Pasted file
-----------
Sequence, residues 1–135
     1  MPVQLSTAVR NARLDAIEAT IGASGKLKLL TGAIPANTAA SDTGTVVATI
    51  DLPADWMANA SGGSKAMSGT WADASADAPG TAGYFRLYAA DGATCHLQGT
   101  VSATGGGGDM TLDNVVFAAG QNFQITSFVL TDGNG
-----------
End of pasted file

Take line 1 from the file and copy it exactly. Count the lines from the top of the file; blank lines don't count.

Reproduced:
Sequence, residues 1–135